Cité de l’Architecture et du Patrimoine (Architecture and Patrimonies Museum) maintains some of Paris and France’s architectural heritage that may otherwise be lost to development or a lack of money to maintain. Its collection is as impressive as its venue: the neo-classical style Palais de Chaillot.
The museum’s collection is very impressive. It contains thousands of full-size plaster casts that one can enjoy in one spot.
- Ancient sculptures include the wonderful head of the Arc de Triomphe’s “Call to Arms” frieze;
- Historic 14th-17th-century church facades, doors, and gargoyles, as well as columns, tombs; and
- A wonderful collection of funerary figures (“the Mourners”) from the 15th-century tomb of John the Fearless, Duke of Burgundy.
More than Historical Architecture
The museum’s top floor is devoted to modern architecture. It explains and shows models, photos, and video representations of buildings that were actually built, and particularly inspiring proposals. These ranged from innovative new homes, and commercial and government buildings, to repurposed structures that one would never imagine that it came from the original building.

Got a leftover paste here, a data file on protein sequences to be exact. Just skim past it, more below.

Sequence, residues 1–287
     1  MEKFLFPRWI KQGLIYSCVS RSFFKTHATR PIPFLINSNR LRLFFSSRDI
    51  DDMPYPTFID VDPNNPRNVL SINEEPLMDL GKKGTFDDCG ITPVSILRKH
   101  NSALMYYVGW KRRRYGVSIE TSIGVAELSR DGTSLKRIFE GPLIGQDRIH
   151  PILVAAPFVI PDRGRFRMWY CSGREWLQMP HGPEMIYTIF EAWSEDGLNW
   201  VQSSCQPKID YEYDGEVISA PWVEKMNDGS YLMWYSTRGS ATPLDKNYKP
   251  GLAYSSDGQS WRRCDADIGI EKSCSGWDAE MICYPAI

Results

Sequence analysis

Stained Glass Windows Special Exhibit
During our visit, the museum had a special exhibit on contemporary stained glass windows from artists including Chagall, Matisse, Braque, Le Corbusier, and Soulages. The exhibit had examples of 130 different works from 30 artists. The works began primarily in the post-WWII era when churches and cathedrals were faced with decisions as to how to replace windows that were destroyed in the war. While recreating original images was virtually out of the question, many were reluctant to even consider contemporary work.
Once the decision was initially made, and new windows began to be installed by the mid-1950s, the rush began in earnest. New artists began creating windows that moved away from traditionally figurative designs, to symbolic and abstract designs. Many artists moved away from combining separate shards of different colors, to using enamels to paint on glass and then firing it to integrate the paint into the glass. Some etched glass with acid. Glass makers, meanwhile, developed new formulations and techniques to produce new effects, such as in the creation of undulating glass and materials with different levels of translucence to modulate the effect of light.